OAKLAND – Alameda County District Attorney Pamela Price has placed several seasoned prosecutors on administrative leave this week and fired two top inspectors, in what appears to be the start of an office shakeup by the newly-elected outsider.
Multiple sources told the Bay Area News Group that Price and her new leadership team in their first full week in office moved to place at least three deputy district attorneys, including senior prosecutors, on leave.
Deputy District Attorneys John Brouhard, Butch Ford and Colleen McMahon are among the attorneys Price placed on paid administrative leave — a status that opens the door for their termination.
Additionally, Chief of Inspectors Craig Chew and Assistant Chief of Inspectors Andrea Moreland were fired, according to multiple sources. Unlike prosecutors, inspectors are considered at-will employees and can be terminated without arbitration. The attorneys placed on leave could not be fired until after a two-pronged process, which ends with a ruling by either an administrative law judge or an arbitrator.
On Friday, the mood inside the DA’s office ranged from demoralization to panic. Multiple employees were asked to inform their colleagues, and in some cases their friends, that they were to be placed on administrative leave and other attorneys sat in their offices wondering if they would be next, according to the sources.
Matt Finnegan, an attorney with the local union representing Alameda County prosecutors, said his office is representing the attorneys and will continue to do so “as more slips come in.”
“The biggest downside is that they aren’t going to be able to handle any cases while they’re on administrative leave,” Finnegan said.
It is unclear exactly why the prosecutors were shown the door. A spokeswoman for the DA’s office declined to comment.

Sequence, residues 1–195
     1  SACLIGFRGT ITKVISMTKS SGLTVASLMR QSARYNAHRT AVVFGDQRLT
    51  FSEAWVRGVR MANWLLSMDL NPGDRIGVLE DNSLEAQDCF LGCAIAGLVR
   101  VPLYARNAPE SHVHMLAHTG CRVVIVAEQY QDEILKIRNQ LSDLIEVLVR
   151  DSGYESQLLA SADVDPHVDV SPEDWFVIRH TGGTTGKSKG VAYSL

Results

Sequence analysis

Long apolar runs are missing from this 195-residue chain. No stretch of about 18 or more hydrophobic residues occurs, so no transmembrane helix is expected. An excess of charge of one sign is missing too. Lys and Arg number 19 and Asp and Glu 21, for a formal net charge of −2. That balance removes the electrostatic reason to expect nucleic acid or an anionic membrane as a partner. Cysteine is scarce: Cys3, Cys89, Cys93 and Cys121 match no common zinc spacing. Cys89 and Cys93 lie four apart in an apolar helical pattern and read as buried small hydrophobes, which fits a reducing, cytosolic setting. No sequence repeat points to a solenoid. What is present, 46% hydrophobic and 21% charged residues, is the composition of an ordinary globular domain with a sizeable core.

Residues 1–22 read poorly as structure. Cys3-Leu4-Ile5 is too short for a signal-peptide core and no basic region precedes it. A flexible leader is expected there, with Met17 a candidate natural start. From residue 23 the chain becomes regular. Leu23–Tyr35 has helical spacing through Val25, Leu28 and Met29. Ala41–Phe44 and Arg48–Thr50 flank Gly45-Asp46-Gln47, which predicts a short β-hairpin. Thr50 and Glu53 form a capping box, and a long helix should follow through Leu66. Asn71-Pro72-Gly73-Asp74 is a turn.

However, Price had criticized some of the prosecutors, including Ford, during her 2022 campaign.
Ford, a longtime prosecutor with more than 30 murder trials under his belt, prosecuted an Oakland man, Shawn Martin, who won an appeal of his murder conviction over Ford giving jurors a misleading instruction. Martin was found not guilty on retrial, and later became a volunteer for Price’s campaign.
Martin’s case became a sticking point because just before his second trial, his attorney filed a failed motion to recuse the entire Alameda County DA’s office for alleged rampant misconduct. Just days before Price’s victory in the Nov. 8 election, Martin was identified as a suspect in a nonfatal shooting outside an Oakland bar and remains at large.
The shakeup also comes just days after Price reduced charges against suspected serial killer David Misch, who was being prosecuted by McMahon. Already incarcerated at a state prison hospital for stabbing a woman to death, Misch is facing a new trial in the slayings of two Fremont women and the abduction and killing of 9-year-old Michaela Garecht in Hayward, all cold cases from the 1980s.